Wednesday, March 31, 2010

Stuffed Dates

We broke a record here in Minneapolis this month: the first March in recorded history in which it has not snowed. In fact, it seems that we might be experiencing a mini heat wave. And I'm thrilled! (Implications of global warming apart.)

So spring is here with with a bang and with it opportunities or excuses - depending on how you look at it- to get together with friends and indulge in some refreshing spring dishes. Spring time recipes tend to be easy to prepare, and with an emphasis on freshness and simplicity. And with all this good weather to be enjoyed, I'm a fan of simple cooking because it translates into less time indoors and more time in the sun.

I made this recipe for a small dinner party last weekend. It is relatively simple and refrigerates well, so can be made the night before. Just remember to thaw for twenty to thirty minutes before serving because refrigerated dates tend to be too chewy for my liking.

Stuffed Dated with Goat Cheese and Chives
Serves 7 to 8

2 lb fresh medjool dates
1 1/2 cup plain goat cheese
2 tbsp chopped chives

1. Add chives to the goat cheese and combine well.
2. Using a paring knife, make a slit from the top of each date down to the other end, only on one side, to form a pocket. Remove and discard the pit.
3. Fill each date with 1 teaspoon of the cheese-chive mixture. Refrigerate until read to serve.

Friday, March 26, 2010

Simple Prosciutto Wrapped Asparagus

Asparagus is one of the first vegetables available in spring. Crisp, mellow, and juicy. It makes a good side dish for easter brunch/lunch/dinner. Simply drizzle with olive oil, seaon with salt and pepper, and roast. But add a little prosciutto, and asparagus becomes everyone's favorite vegetable. In this recipe, I omitted any salt because the prosciutto is already considerably salty.

Simple Prosciutto Wrapped Asparagus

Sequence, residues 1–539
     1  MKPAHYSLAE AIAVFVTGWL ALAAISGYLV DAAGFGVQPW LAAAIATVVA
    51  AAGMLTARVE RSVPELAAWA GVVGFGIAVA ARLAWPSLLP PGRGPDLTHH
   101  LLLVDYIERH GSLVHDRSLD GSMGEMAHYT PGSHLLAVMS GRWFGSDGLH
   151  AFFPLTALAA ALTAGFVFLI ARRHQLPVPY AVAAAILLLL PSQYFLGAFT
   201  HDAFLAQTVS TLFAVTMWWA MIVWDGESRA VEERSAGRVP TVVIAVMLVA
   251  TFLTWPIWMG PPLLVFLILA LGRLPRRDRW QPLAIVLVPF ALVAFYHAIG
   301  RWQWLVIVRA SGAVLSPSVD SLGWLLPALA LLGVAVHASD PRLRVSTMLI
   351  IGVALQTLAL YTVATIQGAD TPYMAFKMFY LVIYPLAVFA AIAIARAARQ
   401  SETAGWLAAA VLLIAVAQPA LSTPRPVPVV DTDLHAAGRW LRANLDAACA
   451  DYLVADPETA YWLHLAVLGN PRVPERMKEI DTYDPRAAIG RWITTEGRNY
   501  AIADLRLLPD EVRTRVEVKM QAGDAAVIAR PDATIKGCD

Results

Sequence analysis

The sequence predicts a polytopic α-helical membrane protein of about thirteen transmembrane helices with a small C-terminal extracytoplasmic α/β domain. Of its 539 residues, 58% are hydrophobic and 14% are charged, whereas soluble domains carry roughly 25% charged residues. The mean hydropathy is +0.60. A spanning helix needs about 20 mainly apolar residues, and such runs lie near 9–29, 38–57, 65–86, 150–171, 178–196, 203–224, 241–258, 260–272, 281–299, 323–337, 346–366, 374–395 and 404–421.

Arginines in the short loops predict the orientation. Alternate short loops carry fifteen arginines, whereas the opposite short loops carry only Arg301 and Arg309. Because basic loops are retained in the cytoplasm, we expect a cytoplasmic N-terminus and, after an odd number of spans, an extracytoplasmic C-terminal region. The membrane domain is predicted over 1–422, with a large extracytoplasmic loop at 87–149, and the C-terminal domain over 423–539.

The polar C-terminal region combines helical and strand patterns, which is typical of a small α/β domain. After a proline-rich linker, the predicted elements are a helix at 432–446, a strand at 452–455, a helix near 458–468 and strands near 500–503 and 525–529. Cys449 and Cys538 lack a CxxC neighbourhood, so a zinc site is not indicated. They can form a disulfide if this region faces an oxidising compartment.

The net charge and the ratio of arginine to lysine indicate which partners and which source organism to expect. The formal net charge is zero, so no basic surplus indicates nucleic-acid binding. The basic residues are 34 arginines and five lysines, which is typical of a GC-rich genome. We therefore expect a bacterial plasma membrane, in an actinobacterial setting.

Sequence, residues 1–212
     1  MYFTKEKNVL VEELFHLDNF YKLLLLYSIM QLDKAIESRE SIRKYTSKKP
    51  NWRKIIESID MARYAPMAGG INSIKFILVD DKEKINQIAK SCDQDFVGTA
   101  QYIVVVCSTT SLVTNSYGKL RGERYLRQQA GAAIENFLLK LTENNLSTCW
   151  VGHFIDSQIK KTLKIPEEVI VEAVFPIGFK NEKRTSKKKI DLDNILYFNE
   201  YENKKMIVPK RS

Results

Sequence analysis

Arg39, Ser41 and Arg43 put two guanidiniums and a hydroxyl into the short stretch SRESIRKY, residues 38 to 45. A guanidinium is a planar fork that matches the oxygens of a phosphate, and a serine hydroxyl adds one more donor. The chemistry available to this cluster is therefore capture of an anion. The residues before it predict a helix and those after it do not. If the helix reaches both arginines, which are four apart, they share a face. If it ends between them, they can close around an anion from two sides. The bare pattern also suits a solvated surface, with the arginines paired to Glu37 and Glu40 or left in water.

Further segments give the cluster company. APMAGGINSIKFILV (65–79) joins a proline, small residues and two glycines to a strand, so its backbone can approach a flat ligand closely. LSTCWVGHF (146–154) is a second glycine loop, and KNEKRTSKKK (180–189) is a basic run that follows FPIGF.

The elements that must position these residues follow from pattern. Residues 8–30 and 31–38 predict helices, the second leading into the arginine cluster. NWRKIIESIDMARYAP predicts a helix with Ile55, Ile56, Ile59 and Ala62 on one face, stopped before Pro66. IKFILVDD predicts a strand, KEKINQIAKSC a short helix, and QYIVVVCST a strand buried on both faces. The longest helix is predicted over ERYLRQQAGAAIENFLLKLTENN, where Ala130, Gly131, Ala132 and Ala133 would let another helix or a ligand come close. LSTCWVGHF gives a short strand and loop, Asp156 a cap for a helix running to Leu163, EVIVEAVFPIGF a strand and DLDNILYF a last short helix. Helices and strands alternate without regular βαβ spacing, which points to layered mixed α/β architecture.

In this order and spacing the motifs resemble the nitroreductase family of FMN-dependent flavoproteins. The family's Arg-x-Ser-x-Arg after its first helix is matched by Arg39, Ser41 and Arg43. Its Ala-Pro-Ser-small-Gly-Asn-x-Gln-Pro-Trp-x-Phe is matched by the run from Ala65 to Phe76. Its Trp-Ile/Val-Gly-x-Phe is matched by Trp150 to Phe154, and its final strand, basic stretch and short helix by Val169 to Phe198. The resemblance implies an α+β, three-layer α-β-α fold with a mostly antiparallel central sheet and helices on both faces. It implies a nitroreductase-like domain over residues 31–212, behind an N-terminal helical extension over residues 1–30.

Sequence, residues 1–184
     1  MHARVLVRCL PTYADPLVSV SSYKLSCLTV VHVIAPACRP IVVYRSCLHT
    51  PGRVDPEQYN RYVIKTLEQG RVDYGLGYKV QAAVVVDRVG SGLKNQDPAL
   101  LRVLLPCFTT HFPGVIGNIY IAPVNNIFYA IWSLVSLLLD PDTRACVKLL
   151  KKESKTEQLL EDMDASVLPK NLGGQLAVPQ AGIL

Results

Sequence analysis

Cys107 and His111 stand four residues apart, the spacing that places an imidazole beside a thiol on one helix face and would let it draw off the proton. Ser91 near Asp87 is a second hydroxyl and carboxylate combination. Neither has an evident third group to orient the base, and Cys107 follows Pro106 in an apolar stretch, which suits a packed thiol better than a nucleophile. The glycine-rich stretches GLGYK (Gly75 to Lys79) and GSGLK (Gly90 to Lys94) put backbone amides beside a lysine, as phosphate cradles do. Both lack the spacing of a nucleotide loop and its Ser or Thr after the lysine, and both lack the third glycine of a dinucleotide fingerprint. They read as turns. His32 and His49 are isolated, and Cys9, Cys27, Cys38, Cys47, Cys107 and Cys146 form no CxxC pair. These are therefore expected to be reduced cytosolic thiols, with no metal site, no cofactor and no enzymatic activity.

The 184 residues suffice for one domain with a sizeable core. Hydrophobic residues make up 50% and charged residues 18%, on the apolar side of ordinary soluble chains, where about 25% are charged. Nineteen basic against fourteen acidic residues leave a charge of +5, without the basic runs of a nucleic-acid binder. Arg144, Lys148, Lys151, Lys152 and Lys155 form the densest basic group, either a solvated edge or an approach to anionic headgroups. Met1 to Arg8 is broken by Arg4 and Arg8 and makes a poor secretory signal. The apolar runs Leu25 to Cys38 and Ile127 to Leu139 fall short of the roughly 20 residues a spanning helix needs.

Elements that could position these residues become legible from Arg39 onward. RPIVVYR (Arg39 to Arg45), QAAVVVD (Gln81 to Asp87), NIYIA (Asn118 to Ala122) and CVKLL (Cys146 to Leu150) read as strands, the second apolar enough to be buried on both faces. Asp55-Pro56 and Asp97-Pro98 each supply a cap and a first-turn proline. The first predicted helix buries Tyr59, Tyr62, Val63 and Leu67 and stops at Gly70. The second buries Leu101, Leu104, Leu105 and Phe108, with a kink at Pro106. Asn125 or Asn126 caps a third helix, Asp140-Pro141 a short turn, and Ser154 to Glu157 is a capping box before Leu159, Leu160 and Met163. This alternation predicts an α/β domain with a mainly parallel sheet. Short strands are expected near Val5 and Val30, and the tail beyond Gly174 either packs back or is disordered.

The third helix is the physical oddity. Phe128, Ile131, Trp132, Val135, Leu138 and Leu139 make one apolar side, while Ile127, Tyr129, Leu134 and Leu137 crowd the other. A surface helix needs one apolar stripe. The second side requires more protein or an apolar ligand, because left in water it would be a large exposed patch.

Serves 4 to 5

1 bundle fresh asparagus
1 lb prosciutto
2 tbsp olive oil

1. Set oven to 450 degrees F.
2. Cut each slice of prosciutto in half, length-wise. Wrap one half slice of prosciutto around the middle of each asparagus spear, leaving one to two inches on both ends unwrapped. Drizzle with olive oil and spread evenly on a baking dish. Roast for 10 to 15 minutes, until the asparagus is tender.

Sunday, March 21, 2010

Chicken Florentine with Sun-dried Tomatoes

With five percent of fat per serving, the breast is the leanest part of a chicken, and a good option for lean protein. That being so, it has a tendency to dry out quickly during cooking.

Stuffed chicken florentine is one dish that defeats this an extent. Because it is stuffed with spinach, which is innately about ninety percent water, the interior stays moist even after pan searing and cooking in a four hundred degree oven for over thirty minutes. Of course, given enough time and heat, all of this moisture can dry off so be careful not to over-cook. Take care, also, to sear the meat evenly on all sides before finishing off in the oven. This has a two fold purpose: good searing means more flavor, and pre-searing means less cooking time in the oven.

I've used frozen spinach here but you can substitute with fresh if available. If using frozen, be sure to thaw it completely and squeeze as much of the liquid out as possible. Don't worry, there will still be sufficient moisture for the stuffing. If using fresh spinach however, coarsely chop before adding to the onions. Also, cook for an extra few minutes to allow most of the the water that would have collected in the skillet to evaporate.*

This recipe can be somewhat time consuming but the results are well worth it. An effective approach is to prepare the stuffing before flattening the breasts into cutlets. Alternatively, the stuffing can be made up to a week in advance and frozen until ready to use.

Chicken Florentine with Sun-dried Tomatoes
Serves 4

4 boneless, skinless chicken breasts
1/2 cup diced onion